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Egypt’s Improbable Path Traces Four Points: Mohamed A. El-Erian

Developments in Egypt have taken many, and possibly everyone by surprise both inside and outside the country. As such, governments and institutions around the world now find themselves playing catch-up, having to react to a particularly dynamic and unusual set of events.

For a week now, Egypt has witnessed a series of protests that are unprecedented in scope and scale. Citizens from all walks of life have marched in the street demanding change. In the process, a populace often characterized as passive and docile is driving domestic and global agendas, running well ahead of political leaders as it attempts to impose its collective will on outcomes.

The government, led by President Hosni Mubarak, has reacted with a set of measures that would have been deemed improbable, if not unthinkable, just a week ago. A new prime minister is now in place, the cabinet has been replaced and, for the first time since 1981, Egypt has a vice president. Yet none of this has served to calm sentiment in the street, fueling concerns about even greater instability in the country and region.

How Egypt evolves in the next few days and weeks matters a great deal -- and not just for Egyptians but also for the world economy. It matters in ways that are unusual and, for many, unfamiliar.

Unlike China, Egypt is not a major source of global demand nor is it a major exporter. Unlike commodity-rich countries, Egypt does not directly influence world prices. But Egypt is a critical enabler and, as such, indirectly touches many other nations.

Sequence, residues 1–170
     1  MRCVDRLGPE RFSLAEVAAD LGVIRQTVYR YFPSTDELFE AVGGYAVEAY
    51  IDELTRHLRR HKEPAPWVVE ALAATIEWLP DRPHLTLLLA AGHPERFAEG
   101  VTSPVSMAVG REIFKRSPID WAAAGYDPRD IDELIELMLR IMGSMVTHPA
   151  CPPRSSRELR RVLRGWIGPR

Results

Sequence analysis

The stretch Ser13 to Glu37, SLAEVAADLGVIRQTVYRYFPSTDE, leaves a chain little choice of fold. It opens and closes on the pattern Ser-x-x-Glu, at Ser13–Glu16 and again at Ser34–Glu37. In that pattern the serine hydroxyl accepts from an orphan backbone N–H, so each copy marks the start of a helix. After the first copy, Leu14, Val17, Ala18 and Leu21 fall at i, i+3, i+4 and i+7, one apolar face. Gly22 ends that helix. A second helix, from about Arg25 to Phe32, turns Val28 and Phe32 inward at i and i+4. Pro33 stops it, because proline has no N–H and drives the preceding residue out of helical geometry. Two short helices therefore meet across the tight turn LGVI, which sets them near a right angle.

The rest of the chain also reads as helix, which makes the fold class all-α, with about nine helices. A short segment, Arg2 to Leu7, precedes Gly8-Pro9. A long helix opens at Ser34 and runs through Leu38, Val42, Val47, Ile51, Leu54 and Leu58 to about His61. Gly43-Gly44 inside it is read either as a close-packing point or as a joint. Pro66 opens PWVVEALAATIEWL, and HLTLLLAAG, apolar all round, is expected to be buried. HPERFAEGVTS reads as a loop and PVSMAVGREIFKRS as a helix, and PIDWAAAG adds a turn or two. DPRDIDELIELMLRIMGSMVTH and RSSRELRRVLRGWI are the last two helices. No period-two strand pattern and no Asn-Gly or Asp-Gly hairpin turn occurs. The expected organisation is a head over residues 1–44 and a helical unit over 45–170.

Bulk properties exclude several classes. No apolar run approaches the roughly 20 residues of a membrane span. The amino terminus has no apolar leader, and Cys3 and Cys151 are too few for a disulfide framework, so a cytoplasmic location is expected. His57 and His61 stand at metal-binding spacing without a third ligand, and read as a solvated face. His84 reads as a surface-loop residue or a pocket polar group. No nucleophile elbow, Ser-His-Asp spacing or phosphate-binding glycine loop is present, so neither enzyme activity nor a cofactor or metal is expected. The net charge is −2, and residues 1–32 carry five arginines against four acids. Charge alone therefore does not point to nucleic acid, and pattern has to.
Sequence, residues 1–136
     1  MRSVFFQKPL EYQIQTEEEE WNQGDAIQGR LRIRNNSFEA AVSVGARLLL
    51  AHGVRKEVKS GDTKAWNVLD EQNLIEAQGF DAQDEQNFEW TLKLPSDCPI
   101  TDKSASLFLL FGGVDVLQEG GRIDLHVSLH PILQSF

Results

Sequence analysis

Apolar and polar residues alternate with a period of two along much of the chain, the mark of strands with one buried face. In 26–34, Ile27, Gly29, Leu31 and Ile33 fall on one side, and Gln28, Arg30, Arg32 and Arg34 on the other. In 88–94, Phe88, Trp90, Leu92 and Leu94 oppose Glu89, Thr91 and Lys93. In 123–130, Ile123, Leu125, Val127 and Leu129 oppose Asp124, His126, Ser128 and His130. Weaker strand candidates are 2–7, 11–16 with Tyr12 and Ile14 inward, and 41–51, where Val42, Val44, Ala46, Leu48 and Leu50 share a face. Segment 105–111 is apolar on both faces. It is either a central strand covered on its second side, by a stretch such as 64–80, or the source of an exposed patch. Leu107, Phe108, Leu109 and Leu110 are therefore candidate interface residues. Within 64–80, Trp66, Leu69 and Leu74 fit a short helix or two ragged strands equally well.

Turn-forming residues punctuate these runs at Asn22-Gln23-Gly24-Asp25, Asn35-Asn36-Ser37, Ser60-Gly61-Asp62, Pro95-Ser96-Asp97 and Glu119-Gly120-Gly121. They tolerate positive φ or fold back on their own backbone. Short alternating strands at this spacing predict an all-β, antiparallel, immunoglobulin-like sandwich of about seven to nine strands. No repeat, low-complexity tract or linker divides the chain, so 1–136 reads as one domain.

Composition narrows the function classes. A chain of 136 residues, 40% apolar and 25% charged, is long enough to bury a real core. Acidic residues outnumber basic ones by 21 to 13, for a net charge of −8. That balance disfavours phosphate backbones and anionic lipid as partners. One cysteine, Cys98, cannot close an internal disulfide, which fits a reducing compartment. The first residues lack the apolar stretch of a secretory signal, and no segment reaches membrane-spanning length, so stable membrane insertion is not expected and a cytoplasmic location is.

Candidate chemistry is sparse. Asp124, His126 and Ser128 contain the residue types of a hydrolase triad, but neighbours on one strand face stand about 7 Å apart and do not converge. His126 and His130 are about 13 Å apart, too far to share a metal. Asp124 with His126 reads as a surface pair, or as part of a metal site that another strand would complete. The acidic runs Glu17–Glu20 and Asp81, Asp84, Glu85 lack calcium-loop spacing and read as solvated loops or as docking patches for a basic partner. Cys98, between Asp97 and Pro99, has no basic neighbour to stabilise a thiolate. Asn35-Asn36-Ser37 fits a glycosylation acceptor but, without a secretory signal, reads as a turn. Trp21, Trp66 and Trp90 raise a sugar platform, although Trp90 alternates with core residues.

Role in Region

With its control over the Suez Canal, Egypt is a major gatekeeper of global trade. Even more important, its role and standing in the Middle East makes it a critical participant in promoting geo-political stability in an area prone to volatility.

Where the country goes from here will have an impact on the wellbeing of the global economy and stability of the world’s financial markets. In analyzing this, there are four things to remember.

First, the concept of so-called managed change, or what some people in Washington are calling orderly transition, is critical. Everyone, including the Egyptian government and opposition movements, agrees that the country cannot simply reset to where it was seven days ago; and all wish to avoid chaos. But they differ widely in the meaning of change, and the associated journey. As such, Egypt needs a mechanism to reconcile very different views of managed change.

Next Step

Second, it matters how the opposition evolves from here. Their vocal protests must now be channeled into an actionable and detailed, forward looking agenda. This is critical not only for Egypt’s internal stability. It is also essential to counter concerns outside Egypt that what is unquestionably a secular movement could be hijacked by theocrats.

Third, Egypt is not helpless. It has solid economic foundations, large international reserves and minimal external debt. More importantly, the armed forces are respected and liked by most citizens. The military understands what is at stake. In contrast to many other developing countries, the armed forces, if asked, can help facilitate economic and political reforms, including free and fair elections.

Finally, while the instability in Egypt is being driven mainly by internal factors, it would be foolish to ignore external contributors. Egyptians are feeling the pain of surging commodity prices and food inflation. This problem will become more acute as some other governments around the world boost their stockpiling of foodstuff to guard against social unrest.

No one can predict what will happen in Egypt. The situation is unprecedented, and there are many moving pieces and legacy issues in play. My gut tells me that, over the next days and weeks, the country will find a way to manage change. And whether my gut is right or not, governments around the world would be well advised to draw lessons from these historic events.

(Mohamed A. El-Erian is Pimco’s chief executive officer and co-chief investment officer, and the author of the book “When Markets Collide.” The opinions expressed are his own.)

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